The outpouring of the Holy Spirit on the day of Pentecost was implemented by the ascended Christ (Mt. 3:11; Acts 1:5; 2:33). This supernatural event authenticated the fact that the circumstances of that day, resulting in the establishment of the church of Christ, were divinely orchestrated. The Christian regime is from God, not man.
Authenticated the Inspiration Word
The ascended Christ empowered certain early disciples with miraculous gifts, by which the Mind of God was revealed to humanity and subsequently preserved in a body of sacred literature (see Eph. 4:10ff). The present availability of this ancient record allows the modern student to put to the test the credibility of the primitive documents, find them to be trustworthy, and happily anchor his hope of heaven therein.
The Nature of His Kingdom
The ascension of Christ into heaven clearly reveals that, contrary to Jewish expectations (and even that of the misguided disciples), the Lord’s mission to this planet was not to overthrow Rome, and establish an earthly, political administration reminiscent of David’s (cf. Jn. 6:15; 18:36; Acts 1:6). In the words of a poet:
They were looking for a king,
To slay their foes,
And lift them high.
Thou camest a little baby thing,
That made a woman cry.
Modern millennialists would do well to learn this important truth.
Signified the Manner of His Return
The ascension of Christ demonstrated the manner of Christ’s *final return.
The disciples “beheld” Jesus vanishing into the clouds (Acts 1:11b). The verb
theaomai is employed twenty-four times in the New Testament. Never is it used in a figurative sense. They literally saw Christ ascend. Additionally, Luke emphasizes that “in like manner,” i.e., in a visible fashion, the Lord will return.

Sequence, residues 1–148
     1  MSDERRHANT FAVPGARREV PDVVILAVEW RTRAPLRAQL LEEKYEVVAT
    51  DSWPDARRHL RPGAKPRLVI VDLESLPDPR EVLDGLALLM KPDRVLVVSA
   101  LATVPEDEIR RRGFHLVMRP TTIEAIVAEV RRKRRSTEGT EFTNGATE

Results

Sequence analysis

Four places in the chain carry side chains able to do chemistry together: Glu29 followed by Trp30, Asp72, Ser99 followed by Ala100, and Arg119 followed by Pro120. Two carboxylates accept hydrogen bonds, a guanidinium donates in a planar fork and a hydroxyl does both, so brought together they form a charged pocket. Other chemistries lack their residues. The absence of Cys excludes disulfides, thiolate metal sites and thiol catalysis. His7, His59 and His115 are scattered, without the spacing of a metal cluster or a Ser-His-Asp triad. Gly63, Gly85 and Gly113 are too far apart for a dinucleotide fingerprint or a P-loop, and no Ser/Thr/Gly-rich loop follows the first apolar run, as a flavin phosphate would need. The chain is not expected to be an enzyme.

The combination of these terms clearly indicates that the Savior’s second coming will be a literal coming. This eliminates the spurious notion that Christ’s representative coming via the Roman armies (Mt. 22:7) in the overthrow of Jerusalem (Mt. 24:30) was his second coming (cf. Heb. 9:28). And yet the advocates of realized eschatology contend otherwise.
Luke’s language also eliminates the theory that the Lord’s next coming will be an invisible rapture-coming as dispensationalists project.
Evidence of our Heavenly High Priest
The ascension of Jesus provides us with a supreme confidence that we have a heavenly High Priest who, having been “crowned with glory and honor” (Heb. 1:13; 2:7, 9) ever lives to make intercession for us (Heb. 7:25; cf. 1 Jn. 2:1-2). This concept of a heavenly high priest is a prevailing theme in the book of Hebrews.
Our Future Is in Heaven
The ascension argues for the proposition that our eternal destiny will not be upon a glorified earth, as many affirm. Jesus entered heaven as a “forerunner” (one who goes in advance of others) for us (Heb. 7:20).
By his return to heaven, Christ “dedicated for us” a new and living way that is not earthly in nature (Heb. 10:20). Earth is not heaven (Mt. 6:19-20).
We Should Implement the Will of Our King
The ascension of Christ underscores the fact that Christians are charged with the responsibility of implementing his will on earth, as he reigns from heaven. The Teacher’s parting words commissioned his people to make disciples of every creature among the nations throughout the earth (Mt. 28:18-20; Mk. 16:15-16; Lk. 24:47).
In the Parable of the Pounds, the Nobleman (Christ), who went into the far country (heaven), expected his servants to wisely utilize, on his behalf, that which had been placed at their disposal. The servant who ignored this obligation was rejected and punished, along with those characterized as “enemies” (see Lk. 19:12-27; cf. Mt. 25:30).
The Lord uses no “feet” to go, nor “tongues” to proclaim, save ours. the treasure has been deposited with “earthen vessels” (2 Cor. 4:7).
Let us, therefore, shoulder the responsibility, and be honored thereby.